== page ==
EXAMPLE 3 Balance the for the reaction of potassium bromate with 2 cysteine molecules (C3H6NO2)SH, where the part of the molecule in parentheses is unchanged, so it can be balanced as a single unit.

KBrO3 + (C3H6NO2)SH → KBr + H2O + (C3H6NO2)2S2


Solution

The K and Br are balanced. We note that 3 oxygen atoms are found in KBrO3 on the left, but only 1 in H2O on the right. So one starting place would be to balance the oxygen:


KBrO3 + (C3H6NO2)SH → KBr + 3 H2O + (C3H6NO2)2S2


Now there are 6 H in the 3 H2O on the right, but only 1 in the (C3H6NO2)SH molecules on the left, so we can add a coefficient of 6:


KBrO3 + 6 (C3H6NO2)SH → KBr + 3 H2O + (C3H6NO2)2S2


But now we have 6 (C3H6NO2)SH, so we'll need 3 of the sulfur bridged species on the right:


KBrO3 + 6 (C3H6NO2)SH → KBr + 3 H2O + 3 (C3H6NO2)2S2



Notice that, in this example, the rule of balancing first those elements whose symbols appeared in the smallest number of formulas doesn't help, because H and O both appear in two of them. But if we started by balancing H, (say by adding 2 before (C3H6NO2)SH, that step would have to be redone as soon as we went back to balance O. More algorithms for balancing equations will be developed later, in reactions in aqueous solutions.


The balancing of chemical equations has an important environmental message for us. If atoms are conserved in a chemical reaction, then we cannot get rid of them. In other words we cannot throw anything away. There are only two things we can do with atoms: Move them from place to place or from compound to compound. Thus when we "dispose" of something by burning it, dumping it, or washing it down the sink, we have not really gotten rid of it at all. The atoms which constituted it are still around someplace, and it is just as well to know where they are and what kind of molecule they are in. Discarded atoms in places where we do not want them and in undesirable molecules are known as pollution.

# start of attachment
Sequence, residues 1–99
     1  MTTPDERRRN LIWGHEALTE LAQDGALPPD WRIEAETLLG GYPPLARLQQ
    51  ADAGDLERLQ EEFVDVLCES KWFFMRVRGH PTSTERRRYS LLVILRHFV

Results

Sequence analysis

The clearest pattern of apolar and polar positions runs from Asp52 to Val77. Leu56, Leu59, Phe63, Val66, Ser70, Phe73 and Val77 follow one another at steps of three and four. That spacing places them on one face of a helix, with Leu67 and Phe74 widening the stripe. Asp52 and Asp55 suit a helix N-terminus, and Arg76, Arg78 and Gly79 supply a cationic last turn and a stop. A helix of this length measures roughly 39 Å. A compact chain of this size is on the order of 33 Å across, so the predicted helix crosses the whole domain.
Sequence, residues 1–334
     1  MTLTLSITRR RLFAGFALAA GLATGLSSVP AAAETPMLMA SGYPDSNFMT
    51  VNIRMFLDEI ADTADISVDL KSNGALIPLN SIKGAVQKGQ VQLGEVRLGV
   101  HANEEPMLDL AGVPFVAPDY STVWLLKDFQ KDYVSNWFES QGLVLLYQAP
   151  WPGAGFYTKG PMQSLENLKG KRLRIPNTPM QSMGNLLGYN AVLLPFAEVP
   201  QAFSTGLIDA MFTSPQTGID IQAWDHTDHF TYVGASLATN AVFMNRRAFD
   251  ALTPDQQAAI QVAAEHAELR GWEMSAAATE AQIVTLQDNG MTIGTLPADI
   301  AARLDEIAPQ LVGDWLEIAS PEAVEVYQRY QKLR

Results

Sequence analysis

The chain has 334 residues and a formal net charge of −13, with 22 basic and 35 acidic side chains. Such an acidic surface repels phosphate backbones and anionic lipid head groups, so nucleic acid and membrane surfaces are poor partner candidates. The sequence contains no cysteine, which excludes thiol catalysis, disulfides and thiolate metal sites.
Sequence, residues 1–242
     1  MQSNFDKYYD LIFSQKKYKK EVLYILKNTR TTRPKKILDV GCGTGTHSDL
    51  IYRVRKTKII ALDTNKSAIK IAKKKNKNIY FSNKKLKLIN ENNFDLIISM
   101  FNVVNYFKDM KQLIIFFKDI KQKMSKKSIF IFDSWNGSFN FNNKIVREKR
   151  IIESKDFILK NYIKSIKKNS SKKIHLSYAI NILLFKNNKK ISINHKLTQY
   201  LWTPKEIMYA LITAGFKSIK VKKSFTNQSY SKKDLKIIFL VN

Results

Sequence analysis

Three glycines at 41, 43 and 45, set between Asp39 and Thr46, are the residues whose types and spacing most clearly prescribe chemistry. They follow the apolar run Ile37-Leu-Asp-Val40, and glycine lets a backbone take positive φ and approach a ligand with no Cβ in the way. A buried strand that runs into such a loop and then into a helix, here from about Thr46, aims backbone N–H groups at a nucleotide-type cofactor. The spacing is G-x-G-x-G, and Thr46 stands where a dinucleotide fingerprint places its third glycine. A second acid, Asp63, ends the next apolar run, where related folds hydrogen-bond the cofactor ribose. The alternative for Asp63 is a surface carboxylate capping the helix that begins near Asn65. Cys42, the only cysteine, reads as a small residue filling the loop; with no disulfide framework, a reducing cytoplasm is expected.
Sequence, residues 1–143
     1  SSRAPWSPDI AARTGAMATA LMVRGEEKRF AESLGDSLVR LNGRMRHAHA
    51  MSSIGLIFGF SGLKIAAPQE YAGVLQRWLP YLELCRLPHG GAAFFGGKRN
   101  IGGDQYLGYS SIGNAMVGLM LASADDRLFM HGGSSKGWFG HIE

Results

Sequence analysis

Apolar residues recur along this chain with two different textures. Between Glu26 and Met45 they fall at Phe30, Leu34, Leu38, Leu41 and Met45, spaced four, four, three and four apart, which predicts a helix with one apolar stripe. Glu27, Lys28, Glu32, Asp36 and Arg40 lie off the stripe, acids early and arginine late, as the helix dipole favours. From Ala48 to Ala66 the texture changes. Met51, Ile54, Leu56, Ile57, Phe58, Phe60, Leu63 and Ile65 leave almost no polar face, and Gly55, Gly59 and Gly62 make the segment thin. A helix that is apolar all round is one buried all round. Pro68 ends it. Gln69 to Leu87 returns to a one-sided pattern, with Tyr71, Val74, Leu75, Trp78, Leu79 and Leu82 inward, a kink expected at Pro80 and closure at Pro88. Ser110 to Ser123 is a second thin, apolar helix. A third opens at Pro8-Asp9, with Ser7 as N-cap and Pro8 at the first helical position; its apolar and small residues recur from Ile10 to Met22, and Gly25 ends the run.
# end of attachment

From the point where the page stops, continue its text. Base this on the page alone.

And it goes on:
References

  1. Laurence E. Strong, Balancing Chemical Equations, Chemistry, vol. 47, no. 1, pp. 13-16, January 1974, discusses some techniques in more detail.
  2. http://en.wikipedia.org/wiki/Sorbitol
  3. http://en.wikipedia.org/wiki/Xylitol
  4. http://www.inchem.org/documents/jecfa/jecmono/v18je13.htm
  5. H.-D. Belitz, W. Grosch, P. Schieberle, Food Chemistry,Springer; 4th ed. 2009, p. 719
  6. http://pubs.acs.org/doi/full/10.1021/jf100340j
  7. http://pubs.acs.org/doi/abs/10.1021/jf100340j
  8. http://www.cspinet.org/new/bromate.html
  9. http://www.ncbi.nlm.nih.gov/pmc/articles/PMC1567851/